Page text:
While the pollution level in the national capital continues to remain 'extremely unhealthy' forcing many to leave the city, the Costa Rican ambassador to India, Mariela Cruz Alvarez, has moved to Bengaluru after developing respiratory illness.
She recently took to Facebook to call her stay in Delhi the 'worst experience' of her life.
"My experience of filthy air in Delhi is the worst experience I have ever had in my life. My lungs hurt, can't breathe well. Feverish and fatigued. This is no fun and 20 millions of people are breathing that poison now up north, including some dear friends. The basic right to clean air is a Human Right. The Indian government needs to make radical decisions here in India NOW. Leadership is about taking care of the people.That is #1 priority," Alvarez wrote.
Alvarez is not the first foreign diplomat to express concern over the deteriorating air quality of Delhi.
Speaking to PTI, Hanne Meldgard, the acting ambassador of Norway, said, "We have an air cleaning system and we are trying to stay indoors as much as we can.
Another 40-year-old diplomat from a West Asian country, who was completely healthy and had no history of respiratory ailments, developed bronchial asthma after getting posted in Delhi in just two years, reported The Indian Express.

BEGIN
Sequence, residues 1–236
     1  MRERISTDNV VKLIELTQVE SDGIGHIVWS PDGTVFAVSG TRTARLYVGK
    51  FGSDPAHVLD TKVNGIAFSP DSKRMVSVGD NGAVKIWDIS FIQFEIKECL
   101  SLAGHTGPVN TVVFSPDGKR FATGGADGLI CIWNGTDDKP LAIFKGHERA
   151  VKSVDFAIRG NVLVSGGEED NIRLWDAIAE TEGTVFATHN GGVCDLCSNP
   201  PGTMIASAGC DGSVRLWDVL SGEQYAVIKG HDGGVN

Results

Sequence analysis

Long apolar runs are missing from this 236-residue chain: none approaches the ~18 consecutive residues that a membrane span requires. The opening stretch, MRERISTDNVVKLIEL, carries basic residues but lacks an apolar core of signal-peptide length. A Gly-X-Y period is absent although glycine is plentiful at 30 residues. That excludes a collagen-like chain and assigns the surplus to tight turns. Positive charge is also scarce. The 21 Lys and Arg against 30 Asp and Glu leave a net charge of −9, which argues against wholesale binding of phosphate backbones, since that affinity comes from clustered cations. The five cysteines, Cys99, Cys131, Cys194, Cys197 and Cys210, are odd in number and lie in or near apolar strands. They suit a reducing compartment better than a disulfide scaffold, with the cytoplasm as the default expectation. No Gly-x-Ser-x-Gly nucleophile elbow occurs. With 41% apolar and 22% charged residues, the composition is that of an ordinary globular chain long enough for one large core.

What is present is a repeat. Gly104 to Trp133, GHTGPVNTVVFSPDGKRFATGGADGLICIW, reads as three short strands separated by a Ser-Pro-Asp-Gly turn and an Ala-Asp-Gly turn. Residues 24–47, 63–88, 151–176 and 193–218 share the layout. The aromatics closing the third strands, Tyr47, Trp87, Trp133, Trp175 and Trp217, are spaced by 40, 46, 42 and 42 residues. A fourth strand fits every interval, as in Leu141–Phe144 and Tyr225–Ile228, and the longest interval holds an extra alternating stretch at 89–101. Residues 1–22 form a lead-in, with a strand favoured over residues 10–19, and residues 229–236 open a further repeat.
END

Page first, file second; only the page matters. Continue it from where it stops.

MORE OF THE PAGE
Emily Bild, a professional from the UK, said her family which also has two toddlers has been acclimatising in Delhi, but is in a dilemma whether to leave or stay here
"We have three air purifiers in the house. We have also installed an air quality monitor in the house now and my two- year-old son and three-year-old daughter are moving around with masks
"But if the air quality continues to remain the same, I don't think we have an option other than going back," she added
Air quality in Delhi-NCR was at the seasons worst last week as a combined effect of smoke from stubble burning and moisture turned the region into a "gas chamber" leaving people gasping. Following which Union Health Ministry had issued an advisory in view of the severe air pollution in the city, asking children and persons with breathing difficulty to not venture out in the open.
But the worst part is some politicians have failed to understand the gravity of the current situation in the national capital. Recently, Environment Minister Harsh Vardhan had said that there is no need to spread panic among the people over the present air pollution situation in Delhi, adding it is not like the Bhopal gas tragedy which was an “emergency”.
(With PTI inputs)